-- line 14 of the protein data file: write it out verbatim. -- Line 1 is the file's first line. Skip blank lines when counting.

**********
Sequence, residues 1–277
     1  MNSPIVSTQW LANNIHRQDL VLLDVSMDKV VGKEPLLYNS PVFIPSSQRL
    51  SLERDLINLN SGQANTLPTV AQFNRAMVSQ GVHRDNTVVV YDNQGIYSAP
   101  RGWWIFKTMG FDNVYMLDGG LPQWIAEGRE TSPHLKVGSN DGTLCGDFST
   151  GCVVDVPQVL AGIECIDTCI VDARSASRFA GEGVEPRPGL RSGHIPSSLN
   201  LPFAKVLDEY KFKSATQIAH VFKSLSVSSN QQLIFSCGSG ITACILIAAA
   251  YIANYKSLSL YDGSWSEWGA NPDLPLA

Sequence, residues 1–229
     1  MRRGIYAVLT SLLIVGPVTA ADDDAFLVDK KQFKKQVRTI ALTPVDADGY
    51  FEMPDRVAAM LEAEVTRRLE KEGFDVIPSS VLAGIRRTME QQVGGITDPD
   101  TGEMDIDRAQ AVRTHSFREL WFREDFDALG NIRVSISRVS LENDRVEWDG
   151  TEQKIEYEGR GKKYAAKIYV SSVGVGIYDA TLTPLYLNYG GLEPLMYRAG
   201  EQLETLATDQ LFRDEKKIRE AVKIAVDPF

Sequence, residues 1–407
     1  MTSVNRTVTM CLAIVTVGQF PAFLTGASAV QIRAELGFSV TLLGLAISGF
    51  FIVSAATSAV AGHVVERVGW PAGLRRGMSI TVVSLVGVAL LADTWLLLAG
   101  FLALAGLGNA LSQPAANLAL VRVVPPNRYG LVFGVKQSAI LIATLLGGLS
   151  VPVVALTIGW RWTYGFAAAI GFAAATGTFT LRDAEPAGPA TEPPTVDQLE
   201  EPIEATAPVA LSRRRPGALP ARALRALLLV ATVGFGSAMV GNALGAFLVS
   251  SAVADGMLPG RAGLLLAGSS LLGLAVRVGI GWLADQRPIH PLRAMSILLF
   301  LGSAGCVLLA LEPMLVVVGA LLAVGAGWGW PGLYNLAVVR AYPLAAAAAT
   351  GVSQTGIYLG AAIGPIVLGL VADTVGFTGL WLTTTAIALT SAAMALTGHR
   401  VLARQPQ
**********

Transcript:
Sequence, residues 1–407